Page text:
Dalits are yet to be liberated from the stranglehold of caste-based occupations such as manual scavenging, laments Martin Macwan. The Gujarat-based activist and winner of the Robert F.Kennedy Human Rights Award spoke to Vidya Venkat about the need to promote entrepreneurship among Dalits.
It was his moment of realisation when on a visit to a village in Gujarat he came across Valmiki scavengers demanding the village panchayat to replace their broken brooms so that their hands would not get soiled while removing human waste. “It struck me as to how the Dalit community was trapped in its caste occupation and the most they could aspire for was new brooms,” says Martin Macwan, “But the panchayat would even deny that citing lack of funds…”
In 1989, he founded the Navsarjan Trust, a grassroots organisation, which has been working for social justice for the Dalits. It has raised issues such as discrimination against Dalits in educational institutions and atrocities against them. Through its Dalit Shakti Kendras, the organisation imparts vocational training for youth from the community to liberate them from their traditional occupations such as scavenging.
Mr.Macwan visited Madurai and then Chennai last week to learn more from the experiences of French bakery La Boulangerie that helped Dalit youths to become entrepreneurs by training them in food processing technology. “At a time when we are talking of a stronger India and economic progress, encouraging entrepreneurship among Dalits should be the way forward,” he says.
But vocational training alone is not enough; the social and political struggle for justice has to continue as long as the community is trapped in unhealthy occupations such as manual scavenging, he says. “In Gujarat alone, the government has conceded that 65,000 Dalits are working as manual scavengers. This is true of several other states, including Tamil Nadu, where the scourge continues,” he adds.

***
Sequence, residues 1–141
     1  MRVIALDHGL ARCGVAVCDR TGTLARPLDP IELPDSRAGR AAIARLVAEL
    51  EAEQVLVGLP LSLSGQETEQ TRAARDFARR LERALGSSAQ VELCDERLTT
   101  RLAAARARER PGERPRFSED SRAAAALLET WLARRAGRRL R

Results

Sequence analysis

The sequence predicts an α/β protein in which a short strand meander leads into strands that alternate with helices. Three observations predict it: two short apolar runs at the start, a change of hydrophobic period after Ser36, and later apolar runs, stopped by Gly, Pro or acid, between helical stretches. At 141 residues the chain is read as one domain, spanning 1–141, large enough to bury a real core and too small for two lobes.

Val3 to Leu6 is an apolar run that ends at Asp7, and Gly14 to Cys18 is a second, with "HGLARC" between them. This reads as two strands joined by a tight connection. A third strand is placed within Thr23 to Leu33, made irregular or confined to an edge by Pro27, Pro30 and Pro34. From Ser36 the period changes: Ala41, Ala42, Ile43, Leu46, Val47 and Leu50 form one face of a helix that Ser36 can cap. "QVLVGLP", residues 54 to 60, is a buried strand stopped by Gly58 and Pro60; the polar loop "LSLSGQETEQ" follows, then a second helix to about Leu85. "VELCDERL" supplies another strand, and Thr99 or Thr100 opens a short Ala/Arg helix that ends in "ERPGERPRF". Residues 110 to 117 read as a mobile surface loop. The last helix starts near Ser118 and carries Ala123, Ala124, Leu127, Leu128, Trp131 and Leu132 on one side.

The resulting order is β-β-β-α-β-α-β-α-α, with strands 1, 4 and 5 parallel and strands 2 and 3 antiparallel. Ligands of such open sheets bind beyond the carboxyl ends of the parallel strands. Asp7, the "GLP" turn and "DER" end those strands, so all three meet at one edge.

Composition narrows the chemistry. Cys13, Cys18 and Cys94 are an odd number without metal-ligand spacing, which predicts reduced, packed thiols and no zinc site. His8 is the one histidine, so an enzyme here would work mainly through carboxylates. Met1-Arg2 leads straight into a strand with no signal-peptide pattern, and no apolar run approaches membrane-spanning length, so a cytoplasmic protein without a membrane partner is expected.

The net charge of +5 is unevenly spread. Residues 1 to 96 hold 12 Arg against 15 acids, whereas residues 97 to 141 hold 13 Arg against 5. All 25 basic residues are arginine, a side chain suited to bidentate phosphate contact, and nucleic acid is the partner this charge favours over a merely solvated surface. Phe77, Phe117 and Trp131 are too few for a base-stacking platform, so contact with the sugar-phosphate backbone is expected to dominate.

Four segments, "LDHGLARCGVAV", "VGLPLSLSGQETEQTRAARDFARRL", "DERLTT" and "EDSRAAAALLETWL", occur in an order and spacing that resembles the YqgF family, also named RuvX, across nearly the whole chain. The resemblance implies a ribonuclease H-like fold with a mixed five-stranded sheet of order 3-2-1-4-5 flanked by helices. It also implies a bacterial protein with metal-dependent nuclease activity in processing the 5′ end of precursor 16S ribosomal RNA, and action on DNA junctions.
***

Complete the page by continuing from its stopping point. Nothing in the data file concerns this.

Unfortunately, the Central and State governments are guilty of being the biggest violators of the law prohibiting manual scavenging as they employ more scavengers than private agencies. “This calls for judicial intervention to bring about necessary reforms,” he says.
“Recently, the Gujarat High Court Chief Justice filed a suo moto case against manual scavenging in government agencies. Other courts can replicate this method in their respective states,” he suggests.
A victim of child labour and discrimination himself, personal is political for Mr.Macwan. As a student of St.Xaviers College in Ahmedabad in the early 1980’s, he worked on a project dealing with caste oppression.
In 1986, while working for the cause of land redistribution for Dalits, two of his friends were murdered by local landlords. The incident brought a radical transformation in his approach and he intensified his political and judicial activities.
He has formulated a new definition of Dalits. “Anyone who believes in and practices equality is a Dalit. I hope, if defined thus, everyone would want to be one,” he says with a smile.
(Originally published in The Hindu, Chennai edition dated Feb 15, 2009)